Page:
This puzzles me. I'm only going on by some cursory knowledge, but wouldn't the Sub commander have had a report from sonar that a ship was so nearby, as he surfaced? I understand that (ala, perhaps Titanic) a warship cannot turn on a dime, and hopefully tried to make a turn away from a direct collision, but how much time would they have had to respond, and could the cruiser have made it?

I read elsewhere that the sonar dome of the ship is totally unpressurized due to contact, and that would have been about the depth of the submerged deck of the sub (guess!) so do we have a case of the ship running over a sub (joke!) or a ship and a sub meeting side by side. In that case, the sub hull is a pretty tough cookie then. But it would have left a big dent, right?

While I'm not a military person and thereby don't know the specifics on cruiser/destroyer propulsion, BUT many modern Civilian ships are equipped with bow thrusters or Azi Pods (Azimuthing Pods) that allow for a great level of maneuverability. A NOAA Ship I was aboard a decade ago had both and instead of doing the Williamson turn they would spin the pods forward and full power, stopping the 274' ship going 16 kts in a ships' length... it was rarely done other then actual MOB drills or incidents, as that maneuver puts a huge amount of stress on the structure and fittings of the vessel.

Cheers! (now back to cleaning the house as the baby is about to return from an appt   )



"There weren't a ton of gnats there where a ton of gnats and their families as well!"
User currently offlineastuteman From United Kingdom, joined Jan 2005, 10251 posts, RR: 97
Reply 5, posted (2 years 2 months 1 week 2 hours ago) and read 5791 times:
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Quoting Revelation (Reply 3):
but it was the submarine commander's decision to surface that's the proximate cause of the incident.

As a technicality, the article doesn't say he decided to "surface", but was at periscope depth.

Whether the cruiser knew the sub was there before they saw the periscope is a good question - the alarm being raised by the sighting of the periscope suggests they might not have, but we don't know.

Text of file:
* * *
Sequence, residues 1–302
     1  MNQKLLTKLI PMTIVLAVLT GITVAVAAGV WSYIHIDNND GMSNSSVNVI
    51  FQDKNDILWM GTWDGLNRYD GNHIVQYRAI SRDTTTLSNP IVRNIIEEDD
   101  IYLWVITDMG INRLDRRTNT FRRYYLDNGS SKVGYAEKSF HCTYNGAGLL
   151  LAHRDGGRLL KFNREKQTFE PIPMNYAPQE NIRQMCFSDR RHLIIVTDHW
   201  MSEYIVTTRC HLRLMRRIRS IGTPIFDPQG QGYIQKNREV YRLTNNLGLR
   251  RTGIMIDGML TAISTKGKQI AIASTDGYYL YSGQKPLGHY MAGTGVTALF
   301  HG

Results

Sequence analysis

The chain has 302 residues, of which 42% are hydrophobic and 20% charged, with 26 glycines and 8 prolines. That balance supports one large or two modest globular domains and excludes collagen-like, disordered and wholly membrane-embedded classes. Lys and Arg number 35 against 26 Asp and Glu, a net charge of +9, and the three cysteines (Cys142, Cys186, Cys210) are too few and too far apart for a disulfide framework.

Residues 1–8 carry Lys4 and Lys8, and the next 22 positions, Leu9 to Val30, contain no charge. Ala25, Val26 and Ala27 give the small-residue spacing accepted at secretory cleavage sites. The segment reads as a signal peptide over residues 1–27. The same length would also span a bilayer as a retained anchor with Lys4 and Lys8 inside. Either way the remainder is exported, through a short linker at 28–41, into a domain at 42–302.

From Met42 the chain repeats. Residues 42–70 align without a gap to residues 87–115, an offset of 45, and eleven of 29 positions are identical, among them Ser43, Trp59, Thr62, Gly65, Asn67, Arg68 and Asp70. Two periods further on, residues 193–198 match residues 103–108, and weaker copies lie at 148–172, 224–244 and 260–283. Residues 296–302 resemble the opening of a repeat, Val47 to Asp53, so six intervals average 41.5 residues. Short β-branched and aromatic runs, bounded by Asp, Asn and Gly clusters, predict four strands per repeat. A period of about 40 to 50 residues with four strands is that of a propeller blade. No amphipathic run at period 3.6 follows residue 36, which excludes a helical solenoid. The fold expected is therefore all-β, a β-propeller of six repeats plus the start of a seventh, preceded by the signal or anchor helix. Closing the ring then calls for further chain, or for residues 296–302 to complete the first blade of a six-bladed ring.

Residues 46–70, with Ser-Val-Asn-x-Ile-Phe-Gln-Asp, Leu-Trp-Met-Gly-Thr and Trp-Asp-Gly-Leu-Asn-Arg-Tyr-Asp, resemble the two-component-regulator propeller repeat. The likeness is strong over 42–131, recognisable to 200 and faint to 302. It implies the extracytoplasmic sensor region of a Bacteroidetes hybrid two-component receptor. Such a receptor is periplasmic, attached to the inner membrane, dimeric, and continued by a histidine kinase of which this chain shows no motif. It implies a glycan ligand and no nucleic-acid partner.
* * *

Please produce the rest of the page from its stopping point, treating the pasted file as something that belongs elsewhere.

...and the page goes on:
I can't imagine the sub didn't know there was a cruiser steaming at some speed within stone throwing distance

Gut feel? Just rank bad seamanship on the part of the sub's OOW.
Seen that before.........  
Quoting boacvc10 (Reply 1):
I read elsewhere that the sonar dome of the ship is totally unpressurized

It will probably be free-flood (be full of sea-water), to allow the incoming sound waves to propagate right through the medium of the water until they impact the transducers..

Rgds


User currently offlineThePointblank From Canada, joined Jan 2009, 1859 posts, RR: 0
Reply 6, posted (2 years 2 months 6 days 18 hours ago) and read 5642 times:

Quoting MarSciGuy (Reply 4):
While I'm not a military person and thereby don't know the specifics on cruiser/destroyer propulsion, BUT many modern Civilian ships are equipped with bow thrusters or Azi Pods (Azimuthing Pods) that allow for a great level of maneuverability. A NOAA Ship I was aboard a decade ago had both and instead of doing the Williamson turn they would spin the pods forward and full power, stopping the 274' ship going 16 kts in a ships' length... it was rarely done other then actual MOB drills or incidents, as that maneuver puts a huge amount of stress on the structure and fittings of the vessel.

The Tico's are traditionally laid out; no bow thrusters, twin screws. Warship construction have not fully embraced Azi Pods or bow thrusters yet.


User currently offlineBladeLWS From United States of America, joined Dec 2005, 403 posts, RR: 0
Reply 7, posted (2 years 2 months 6 days 18 hours ago) and read 5625 times:

Quoting ThePointblank (Reply 6):

The Tico's are traditionally laid out; no bow thrusters, twin screws. Warship construction have not fully embraced Azi Pods or bow thrusters yet.